Who Can Administer KBIT?
Unlike many extensive IQ tests, the KBIT can be administered by various different people. The KBIT is often used as a baseline test, so while it is viewed as highly reliable and accurate, you don’t need to be a psychologist to administer the KBIT.
Frequently, the KBIT will be given by teachers or school administrators and will often be used as a tool to help parents and teachers better understand how students are doing. Because the KBIT only takes about 20 minutes to administer, it is a relatively simple test for schools to give to students.
How Accurate is the Kaufman Brief Intelligence Test?
There are many different IQ tests out there, but the KBIT is recognized as a reliable and valid way of testing a child’s IQ. Since the KBIT is such a short and quick test, it only makes sense that you might have doubts about its overall validity, but you have nothing to worry about. Although the KBIT can be given to anyone between the ages of 4 and 90, it is most commonly given to children.
Understanding the types of intelligence on IQ tests can be challenging, but overall, they really do just test your general intelligence as compared to others. Since the KBIT is scored comparatively to others, meaning that the raw score is converted to a final score based on other scores, it does a good job of testing this type of intelligence.
It is worth noting that IQ tests are controversial in many ways since there are so many different types of intelligence, and they really only test one. If you are interested in IQ tests or are wondering how to better understand IQ tests, feel free to check out any of our other articles on IQ tests.
How to Prepare for the KBIT IQ Test?
Preparing for the KBIT IQ test is slightly different from studying for a traditional test, like in school. The main thing to remember when you are studying or helping your child study for the KBIT is that the KBIT isn’t meant to measure something that you can teach to another person. An IQ test aims to gauge how your natural intelligence compares to other individuals.
All that being said, there are some things you can do to make sure you or your child, whoever is taking the KBIT, is as prepared and ready as possible. Here are our favorite tips and tricks to help you feel prepared going into the KBIT exam:
Take practice exams first
Make sure you have taken at least a few practice exams before taking the KBIT. Understanding the structure of the exam is one thing, but having to sit through the exam and feel what it feels like is a whole different ball game. By going through practice tests throughout your preparation process, you also give yourself some good insight into how you are doing and if your preparation is paying off.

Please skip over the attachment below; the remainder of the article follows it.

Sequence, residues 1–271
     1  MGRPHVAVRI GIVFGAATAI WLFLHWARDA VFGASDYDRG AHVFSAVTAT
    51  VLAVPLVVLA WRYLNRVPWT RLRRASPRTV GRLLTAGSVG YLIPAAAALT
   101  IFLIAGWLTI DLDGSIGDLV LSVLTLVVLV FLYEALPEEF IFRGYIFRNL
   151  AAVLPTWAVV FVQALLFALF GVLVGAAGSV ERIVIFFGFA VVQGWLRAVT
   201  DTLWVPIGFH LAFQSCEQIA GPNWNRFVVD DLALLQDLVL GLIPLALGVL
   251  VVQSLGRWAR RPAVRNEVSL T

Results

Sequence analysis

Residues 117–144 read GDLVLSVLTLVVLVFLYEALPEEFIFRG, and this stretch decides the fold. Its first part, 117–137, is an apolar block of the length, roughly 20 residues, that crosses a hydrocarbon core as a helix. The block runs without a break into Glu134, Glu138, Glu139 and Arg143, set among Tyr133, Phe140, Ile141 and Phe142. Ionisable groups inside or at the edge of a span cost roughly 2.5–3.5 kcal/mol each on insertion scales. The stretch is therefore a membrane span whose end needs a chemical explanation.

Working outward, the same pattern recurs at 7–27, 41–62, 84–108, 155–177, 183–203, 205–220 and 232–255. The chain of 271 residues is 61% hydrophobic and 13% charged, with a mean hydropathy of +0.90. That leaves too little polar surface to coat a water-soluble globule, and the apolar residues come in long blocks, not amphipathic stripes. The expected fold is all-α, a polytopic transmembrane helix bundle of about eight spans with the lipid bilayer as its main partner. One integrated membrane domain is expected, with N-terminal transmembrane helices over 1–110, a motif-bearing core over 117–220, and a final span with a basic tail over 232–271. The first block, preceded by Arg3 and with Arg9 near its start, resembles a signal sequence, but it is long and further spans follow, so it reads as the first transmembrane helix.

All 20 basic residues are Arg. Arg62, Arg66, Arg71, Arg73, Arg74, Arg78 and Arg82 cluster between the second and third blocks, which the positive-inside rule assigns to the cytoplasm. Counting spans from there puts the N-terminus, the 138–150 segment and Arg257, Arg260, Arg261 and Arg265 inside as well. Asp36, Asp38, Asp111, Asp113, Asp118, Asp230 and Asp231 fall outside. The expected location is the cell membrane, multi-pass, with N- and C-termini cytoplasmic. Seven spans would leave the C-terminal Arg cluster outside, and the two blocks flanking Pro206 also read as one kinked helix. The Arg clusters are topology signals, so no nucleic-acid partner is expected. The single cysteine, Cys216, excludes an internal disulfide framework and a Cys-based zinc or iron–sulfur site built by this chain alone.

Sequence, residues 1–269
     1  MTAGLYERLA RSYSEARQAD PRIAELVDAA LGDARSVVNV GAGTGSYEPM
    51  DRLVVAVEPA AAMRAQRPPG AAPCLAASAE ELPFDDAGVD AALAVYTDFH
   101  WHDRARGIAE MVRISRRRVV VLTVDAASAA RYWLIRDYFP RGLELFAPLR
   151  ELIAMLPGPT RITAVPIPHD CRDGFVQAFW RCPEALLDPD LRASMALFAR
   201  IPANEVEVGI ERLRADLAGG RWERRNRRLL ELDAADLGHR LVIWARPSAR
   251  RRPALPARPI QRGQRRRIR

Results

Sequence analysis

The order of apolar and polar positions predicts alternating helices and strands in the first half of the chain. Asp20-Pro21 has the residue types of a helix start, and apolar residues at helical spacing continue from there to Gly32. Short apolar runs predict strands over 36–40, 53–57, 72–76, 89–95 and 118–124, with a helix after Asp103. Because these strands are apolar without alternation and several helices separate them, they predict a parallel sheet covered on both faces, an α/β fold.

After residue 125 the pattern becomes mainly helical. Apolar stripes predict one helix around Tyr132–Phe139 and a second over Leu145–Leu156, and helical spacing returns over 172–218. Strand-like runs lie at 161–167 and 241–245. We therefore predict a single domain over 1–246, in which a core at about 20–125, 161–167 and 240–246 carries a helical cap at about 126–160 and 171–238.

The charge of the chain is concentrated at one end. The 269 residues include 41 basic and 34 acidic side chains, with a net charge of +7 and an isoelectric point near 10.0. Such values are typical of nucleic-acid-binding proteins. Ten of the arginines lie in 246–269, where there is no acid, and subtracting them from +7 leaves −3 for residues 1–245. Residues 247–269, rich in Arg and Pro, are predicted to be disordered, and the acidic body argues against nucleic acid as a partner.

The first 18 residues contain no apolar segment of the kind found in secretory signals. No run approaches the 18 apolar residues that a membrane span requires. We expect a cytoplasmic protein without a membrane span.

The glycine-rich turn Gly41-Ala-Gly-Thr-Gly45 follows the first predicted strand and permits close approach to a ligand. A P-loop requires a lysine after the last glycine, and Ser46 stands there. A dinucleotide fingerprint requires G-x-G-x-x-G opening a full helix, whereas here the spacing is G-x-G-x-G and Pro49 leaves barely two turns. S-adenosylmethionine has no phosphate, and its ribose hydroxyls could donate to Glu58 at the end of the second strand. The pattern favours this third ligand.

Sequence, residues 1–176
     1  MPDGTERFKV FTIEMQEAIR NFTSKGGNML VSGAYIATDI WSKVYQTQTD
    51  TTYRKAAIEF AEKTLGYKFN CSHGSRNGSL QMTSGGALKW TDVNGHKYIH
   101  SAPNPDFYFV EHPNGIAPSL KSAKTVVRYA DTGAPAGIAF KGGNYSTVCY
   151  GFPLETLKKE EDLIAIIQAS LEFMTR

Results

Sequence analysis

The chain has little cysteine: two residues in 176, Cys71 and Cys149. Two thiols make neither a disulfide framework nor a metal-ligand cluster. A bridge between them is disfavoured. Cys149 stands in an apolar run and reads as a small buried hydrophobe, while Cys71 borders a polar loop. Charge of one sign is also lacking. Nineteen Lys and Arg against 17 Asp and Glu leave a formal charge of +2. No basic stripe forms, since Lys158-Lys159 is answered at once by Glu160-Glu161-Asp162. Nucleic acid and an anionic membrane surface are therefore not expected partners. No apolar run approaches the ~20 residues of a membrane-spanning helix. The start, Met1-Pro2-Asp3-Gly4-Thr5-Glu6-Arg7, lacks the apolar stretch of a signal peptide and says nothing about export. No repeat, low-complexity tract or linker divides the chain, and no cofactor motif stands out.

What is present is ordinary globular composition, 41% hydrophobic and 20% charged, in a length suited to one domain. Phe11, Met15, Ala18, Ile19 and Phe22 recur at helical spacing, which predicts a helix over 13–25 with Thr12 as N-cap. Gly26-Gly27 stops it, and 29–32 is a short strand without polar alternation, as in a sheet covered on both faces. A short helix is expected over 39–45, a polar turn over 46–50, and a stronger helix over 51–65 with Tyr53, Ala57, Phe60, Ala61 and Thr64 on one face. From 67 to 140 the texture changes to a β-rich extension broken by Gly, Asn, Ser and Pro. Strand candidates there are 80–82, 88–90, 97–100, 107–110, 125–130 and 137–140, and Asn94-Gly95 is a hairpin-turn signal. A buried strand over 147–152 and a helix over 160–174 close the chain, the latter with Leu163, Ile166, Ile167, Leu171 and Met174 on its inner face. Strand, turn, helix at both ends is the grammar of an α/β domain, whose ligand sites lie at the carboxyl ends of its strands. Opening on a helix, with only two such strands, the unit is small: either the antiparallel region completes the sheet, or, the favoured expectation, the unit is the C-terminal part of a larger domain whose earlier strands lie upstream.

Practice tests are a great way to make yourself feel prepared and comfortable. They are also a great way to change and tailor your study practices to you and your brain. If you take a practice test every other week, you will start to get a good idea of how your score is changing over time, and you will see if your score starts to plateau. By tracking your score using practice tests, you ensure that you take the KBIT when fully prepared.
Engage your brain every day
Engaging your brain every day is a healthy practice to get into, regardless of whether you are studying for the KBIT. Keeping your brain active and engaged could be as simple as always having a jigsaw puzzle going in your house or keeping a sudoku book in the bathroom or on your bedside table. There are tons of high-tech ways you can keep your brain engaged too, so if you spend a lot of time on your phone, there are options that might work best for you.
Keeping your brain engaged and in shape is especially important when you are studying for a test like the KBIT. Since your brain is a muscle, it needs time to get in shape for the particular activity you are asking it to do. Try finding some puzzles or games that ask you to make connections in a similar way to how your level of KBIT does. That is a great way to make preparation feel more fun and make you more likely to keep up with your brain engagement.
Give yourself plenty of time
The key to studying for an IQ test is to give yourself time. Your IQ is naturally flexible within a certain range of scores. In order to give yourself the best chance of scoring at the top of your range, you will need time to get there.
By regularly using practice tests and practice questions and keeping your brain engaged every day, as we recommended above it takes time for your brain to adapt and grow, so don’t expect to start preparing and be ready by the following week. This process will take time, so make sure to give yourself at least a few weeks to prepare.
Wrapping Things Up: KBIT IQ Test: Everything You Need to Know
Taking the KBIT doesn’t have to be super stressful as long as you understand what will be asked of you and you have adequately prepared for the exam. Since the KBIT is designed to be a quick test to better understand your intelligence, there isn’t a vast amount of information you should worry about learning. Instead, we recommend that you focus your time on engaging your brain in fun ways. You are setting yourself up for success by engaging your brain often when you sit down to take the KBIT!